Someone rightly said, “If all people see is you and your efforts to build a platform, then you are stealing the show.” The clamour for people’s attention in a minister should be of concern. With the rise of social media, the temptation is ever real. Where does one draw the line? On the one hand, it is a wonderful tool for ministry. On the other, the dangers of self-praise are ever-present. Every man knows the motives behind his actions. One famous prayer should be every minister’s. Each line starts with the refrain, “Not I, but Christ.”
John the Baptist is a fascinating character. He plays an essential role in the narrative of the Gospels. Yet he is so peripheral we often don’t pay attention to him. Almost always, you hear him mentioned; it is, by the way, which was the role God intended him to play all along. Every time John speaks, he is pointing to Christ and deflecting focus from himself.
Interestingly, Jesus called him the greatest man that ever lived; only, at the same time, the least in the kingdom (Matthew 11:11). John the Baptist was always humble in his self-assessment. Notice the phrases used to refer to or describe him: he was not the light; I am not the Christ, nor Elijah or the prophet; a voice in the wilderness; and I must decrease. Finally he ended up in prison and beheaded. It is not a glamorous ministry. Neither is it one you crave. Yet John, by Christ’s estimations, was the greatest.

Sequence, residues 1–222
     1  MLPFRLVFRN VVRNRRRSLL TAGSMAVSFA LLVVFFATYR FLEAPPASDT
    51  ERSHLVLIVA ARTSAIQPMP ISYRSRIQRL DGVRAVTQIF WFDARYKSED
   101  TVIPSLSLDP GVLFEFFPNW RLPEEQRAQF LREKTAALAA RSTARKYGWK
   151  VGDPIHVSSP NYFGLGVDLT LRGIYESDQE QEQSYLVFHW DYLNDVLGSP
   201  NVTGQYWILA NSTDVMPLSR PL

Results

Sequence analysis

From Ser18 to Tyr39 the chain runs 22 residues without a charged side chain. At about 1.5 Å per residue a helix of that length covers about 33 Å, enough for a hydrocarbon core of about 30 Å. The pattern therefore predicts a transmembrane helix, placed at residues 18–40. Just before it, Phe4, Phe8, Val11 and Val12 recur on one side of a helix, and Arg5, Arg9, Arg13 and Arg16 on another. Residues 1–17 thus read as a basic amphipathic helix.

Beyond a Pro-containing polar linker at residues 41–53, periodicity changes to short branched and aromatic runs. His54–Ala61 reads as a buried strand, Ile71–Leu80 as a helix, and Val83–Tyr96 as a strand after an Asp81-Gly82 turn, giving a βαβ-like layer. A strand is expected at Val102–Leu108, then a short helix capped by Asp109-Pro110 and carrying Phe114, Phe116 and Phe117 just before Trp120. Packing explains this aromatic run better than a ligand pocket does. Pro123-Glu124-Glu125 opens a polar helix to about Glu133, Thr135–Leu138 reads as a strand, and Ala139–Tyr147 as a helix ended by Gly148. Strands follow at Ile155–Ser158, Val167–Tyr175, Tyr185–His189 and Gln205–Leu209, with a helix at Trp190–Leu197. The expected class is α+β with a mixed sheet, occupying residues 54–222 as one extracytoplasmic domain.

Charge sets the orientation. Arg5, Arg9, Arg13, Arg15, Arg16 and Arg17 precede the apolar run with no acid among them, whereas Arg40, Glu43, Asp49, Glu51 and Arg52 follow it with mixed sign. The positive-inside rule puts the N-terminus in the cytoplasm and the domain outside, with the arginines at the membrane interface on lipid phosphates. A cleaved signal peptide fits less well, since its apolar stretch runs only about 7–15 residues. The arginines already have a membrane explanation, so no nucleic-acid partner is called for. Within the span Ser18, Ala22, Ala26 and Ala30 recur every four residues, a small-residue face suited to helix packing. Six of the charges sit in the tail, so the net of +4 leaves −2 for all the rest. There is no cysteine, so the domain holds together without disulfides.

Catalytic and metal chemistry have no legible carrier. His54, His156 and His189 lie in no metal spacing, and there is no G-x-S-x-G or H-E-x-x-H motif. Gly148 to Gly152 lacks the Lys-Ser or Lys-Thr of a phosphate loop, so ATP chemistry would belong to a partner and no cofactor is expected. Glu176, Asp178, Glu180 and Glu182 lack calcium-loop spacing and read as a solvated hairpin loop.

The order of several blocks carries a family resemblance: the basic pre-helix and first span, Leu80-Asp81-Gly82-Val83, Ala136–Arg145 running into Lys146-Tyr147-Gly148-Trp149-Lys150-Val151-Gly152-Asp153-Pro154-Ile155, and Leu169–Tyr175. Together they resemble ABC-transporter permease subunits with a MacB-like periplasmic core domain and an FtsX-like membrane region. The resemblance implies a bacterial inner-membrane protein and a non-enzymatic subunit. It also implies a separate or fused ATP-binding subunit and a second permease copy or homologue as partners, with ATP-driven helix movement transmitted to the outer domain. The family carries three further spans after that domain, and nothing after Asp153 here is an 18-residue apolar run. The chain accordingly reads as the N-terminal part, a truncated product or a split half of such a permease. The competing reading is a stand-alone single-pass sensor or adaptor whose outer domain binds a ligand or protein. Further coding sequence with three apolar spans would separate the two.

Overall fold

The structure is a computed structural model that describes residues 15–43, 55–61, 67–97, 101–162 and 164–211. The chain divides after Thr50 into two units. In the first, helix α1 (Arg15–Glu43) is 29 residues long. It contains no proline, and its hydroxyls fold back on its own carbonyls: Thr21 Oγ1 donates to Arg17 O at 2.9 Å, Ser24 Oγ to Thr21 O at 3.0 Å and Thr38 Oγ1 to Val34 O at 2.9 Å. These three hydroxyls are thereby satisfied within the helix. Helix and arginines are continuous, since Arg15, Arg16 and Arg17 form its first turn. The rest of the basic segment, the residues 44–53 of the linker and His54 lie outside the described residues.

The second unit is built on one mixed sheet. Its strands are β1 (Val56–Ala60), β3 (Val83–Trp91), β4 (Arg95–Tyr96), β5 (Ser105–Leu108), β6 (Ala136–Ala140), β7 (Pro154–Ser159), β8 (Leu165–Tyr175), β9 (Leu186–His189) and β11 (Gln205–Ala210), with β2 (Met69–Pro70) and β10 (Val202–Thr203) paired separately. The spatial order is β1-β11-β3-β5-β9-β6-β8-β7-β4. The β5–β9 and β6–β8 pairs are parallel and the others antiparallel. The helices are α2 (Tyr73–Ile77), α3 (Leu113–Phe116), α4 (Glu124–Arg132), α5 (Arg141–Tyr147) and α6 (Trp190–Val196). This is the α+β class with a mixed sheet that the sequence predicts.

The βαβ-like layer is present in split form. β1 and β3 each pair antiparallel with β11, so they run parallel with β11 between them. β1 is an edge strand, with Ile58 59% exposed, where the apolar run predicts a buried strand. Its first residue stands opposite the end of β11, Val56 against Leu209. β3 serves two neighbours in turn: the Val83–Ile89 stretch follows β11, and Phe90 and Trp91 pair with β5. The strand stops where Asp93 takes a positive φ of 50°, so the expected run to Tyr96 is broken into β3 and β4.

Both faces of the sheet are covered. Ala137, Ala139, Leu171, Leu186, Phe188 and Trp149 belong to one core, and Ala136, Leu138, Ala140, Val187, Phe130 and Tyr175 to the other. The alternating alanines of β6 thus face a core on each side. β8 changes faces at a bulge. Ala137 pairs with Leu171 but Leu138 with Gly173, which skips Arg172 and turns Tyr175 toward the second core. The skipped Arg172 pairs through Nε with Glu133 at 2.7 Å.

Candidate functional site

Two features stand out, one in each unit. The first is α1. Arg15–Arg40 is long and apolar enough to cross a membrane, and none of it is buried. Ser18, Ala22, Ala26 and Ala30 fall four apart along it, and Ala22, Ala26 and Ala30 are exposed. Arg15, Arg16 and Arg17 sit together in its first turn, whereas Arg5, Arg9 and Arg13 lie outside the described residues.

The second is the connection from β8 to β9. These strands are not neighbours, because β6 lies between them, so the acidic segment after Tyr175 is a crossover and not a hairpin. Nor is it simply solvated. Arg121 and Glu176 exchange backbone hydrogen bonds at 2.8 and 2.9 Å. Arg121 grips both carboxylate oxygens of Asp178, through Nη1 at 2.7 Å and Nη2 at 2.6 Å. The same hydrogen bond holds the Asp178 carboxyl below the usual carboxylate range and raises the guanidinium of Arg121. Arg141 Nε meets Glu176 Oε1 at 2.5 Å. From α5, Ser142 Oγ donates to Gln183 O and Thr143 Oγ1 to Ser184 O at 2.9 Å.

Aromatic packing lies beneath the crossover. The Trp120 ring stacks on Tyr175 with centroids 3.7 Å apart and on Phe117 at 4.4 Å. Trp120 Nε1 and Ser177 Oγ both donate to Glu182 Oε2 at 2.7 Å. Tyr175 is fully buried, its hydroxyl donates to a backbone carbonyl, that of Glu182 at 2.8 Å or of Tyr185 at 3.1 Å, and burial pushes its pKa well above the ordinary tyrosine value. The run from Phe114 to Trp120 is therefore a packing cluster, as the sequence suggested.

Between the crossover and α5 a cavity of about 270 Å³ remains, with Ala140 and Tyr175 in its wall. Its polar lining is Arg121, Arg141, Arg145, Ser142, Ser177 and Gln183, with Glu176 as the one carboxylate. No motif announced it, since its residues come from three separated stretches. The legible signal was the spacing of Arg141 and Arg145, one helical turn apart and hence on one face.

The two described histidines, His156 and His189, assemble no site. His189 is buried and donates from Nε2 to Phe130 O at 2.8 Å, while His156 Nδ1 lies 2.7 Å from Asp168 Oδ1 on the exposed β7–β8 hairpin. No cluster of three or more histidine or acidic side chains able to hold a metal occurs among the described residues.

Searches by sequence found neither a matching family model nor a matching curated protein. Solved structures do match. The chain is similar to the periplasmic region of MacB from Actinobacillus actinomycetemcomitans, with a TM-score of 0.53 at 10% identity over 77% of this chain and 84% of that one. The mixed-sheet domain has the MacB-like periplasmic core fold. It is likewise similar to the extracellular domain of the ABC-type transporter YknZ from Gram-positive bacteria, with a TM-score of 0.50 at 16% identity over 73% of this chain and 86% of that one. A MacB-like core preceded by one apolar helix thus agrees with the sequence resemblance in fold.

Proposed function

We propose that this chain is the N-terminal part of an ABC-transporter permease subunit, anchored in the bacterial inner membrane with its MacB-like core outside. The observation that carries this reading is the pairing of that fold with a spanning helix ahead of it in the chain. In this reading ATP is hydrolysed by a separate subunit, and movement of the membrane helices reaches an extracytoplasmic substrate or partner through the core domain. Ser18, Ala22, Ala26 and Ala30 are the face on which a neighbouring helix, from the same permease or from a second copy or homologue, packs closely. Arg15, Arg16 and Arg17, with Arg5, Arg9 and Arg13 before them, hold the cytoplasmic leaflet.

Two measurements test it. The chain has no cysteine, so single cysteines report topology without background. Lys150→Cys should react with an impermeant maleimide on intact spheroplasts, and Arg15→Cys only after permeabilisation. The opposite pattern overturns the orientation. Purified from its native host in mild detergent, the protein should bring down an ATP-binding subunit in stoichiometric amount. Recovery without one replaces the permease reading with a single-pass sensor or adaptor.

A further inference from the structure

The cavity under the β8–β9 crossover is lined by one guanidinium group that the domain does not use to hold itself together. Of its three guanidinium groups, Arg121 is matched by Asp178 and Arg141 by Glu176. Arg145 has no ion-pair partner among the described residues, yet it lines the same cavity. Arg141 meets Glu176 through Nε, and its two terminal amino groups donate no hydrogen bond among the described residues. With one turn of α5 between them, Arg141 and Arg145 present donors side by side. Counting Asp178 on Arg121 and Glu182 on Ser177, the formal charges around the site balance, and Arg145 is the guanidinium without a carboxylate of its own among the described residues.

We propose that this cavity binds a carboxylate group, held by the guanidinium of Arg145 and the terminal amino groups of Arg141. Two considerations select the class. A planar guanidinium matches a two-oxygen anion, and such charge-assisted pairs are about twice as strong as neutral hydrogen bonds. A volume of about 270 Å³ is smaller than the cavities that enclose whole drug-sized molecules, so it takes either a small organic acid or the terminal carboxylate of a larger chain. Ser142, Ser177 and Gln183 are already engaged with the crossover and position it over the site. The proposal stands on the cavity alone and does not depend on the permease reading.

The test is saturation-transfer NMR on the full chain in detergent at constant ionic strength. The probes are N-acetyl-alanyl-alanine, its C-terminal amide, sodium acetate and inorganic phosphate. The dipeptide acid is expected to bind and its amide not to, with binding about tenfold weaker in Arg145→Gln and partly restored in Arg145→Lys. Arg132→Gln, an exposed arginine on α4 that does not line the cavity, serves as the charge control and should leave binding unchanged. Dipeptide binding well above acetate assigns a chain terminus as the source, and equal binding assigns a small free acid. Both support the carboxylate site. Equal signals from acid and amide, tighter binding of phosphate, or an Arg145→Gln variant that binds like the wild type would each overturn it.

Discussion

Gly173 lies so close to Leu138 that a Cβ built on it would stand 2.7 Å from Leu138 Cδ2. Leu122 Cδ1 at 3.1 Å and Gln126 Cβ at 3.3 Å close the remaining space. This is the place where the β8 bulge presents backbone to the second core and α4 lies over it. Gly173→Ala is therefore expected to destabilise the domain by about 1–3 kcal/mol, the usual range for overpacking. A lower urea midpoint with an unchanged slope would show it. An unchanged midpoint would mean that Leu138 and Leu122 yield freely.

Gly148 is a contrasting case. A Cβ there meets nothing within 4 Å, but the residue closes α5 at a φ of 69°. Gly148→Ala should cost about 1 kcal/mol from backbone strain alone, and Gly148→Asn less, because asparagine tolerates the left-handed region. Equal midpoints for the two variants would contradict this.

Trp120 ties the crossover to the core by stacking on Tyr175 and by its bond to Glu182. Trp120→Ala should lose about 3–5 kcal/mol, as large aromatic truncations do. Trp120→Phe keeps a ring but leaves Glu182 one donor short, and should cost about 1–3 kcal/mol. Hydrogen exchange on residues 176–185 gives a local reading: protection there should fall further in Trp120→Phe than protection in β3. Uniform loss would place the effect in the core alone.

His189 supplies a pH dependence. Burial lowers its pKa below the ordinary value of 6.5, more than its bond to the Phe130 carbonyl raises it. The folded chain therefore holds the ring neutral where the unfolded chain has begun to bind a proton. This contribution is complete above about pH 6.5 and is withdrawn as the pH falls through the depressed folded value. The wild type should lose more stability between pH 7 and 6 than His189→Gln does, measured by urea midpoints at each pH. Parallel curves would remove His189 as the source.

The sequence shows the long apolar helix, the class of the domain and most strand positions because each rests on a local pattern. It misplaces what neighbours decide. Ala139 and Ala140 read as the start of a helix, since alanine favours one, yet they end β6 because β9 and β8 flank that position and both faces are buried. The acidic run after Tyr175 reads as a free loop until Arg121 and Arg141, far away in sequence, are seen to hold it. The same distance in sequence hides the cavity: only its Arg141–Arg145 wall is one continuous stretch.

What lessons can we learn from the life and ministry of John the Baptist?
Ministerial Platforms Come from God
John answers, “A person cannot receive even one thing unless it is given him from heaven” (John 3:27).
This perspective of life and ministry will save many of us from envy of other people’s success and from jostling for attention and praise from people. Ministry platforms and opportunities come from God, and they are to be used for him, not self-promotion or exaltation.
This perspective will also ensure that you are content with your ministry, whether it is celebrated or little-known. Christians with this perspective are satisfied with being forgotten. They recognise a difference between proclaiming and promoting the cause of Christ and promotion of self. Oh, for wisdom to know the difference.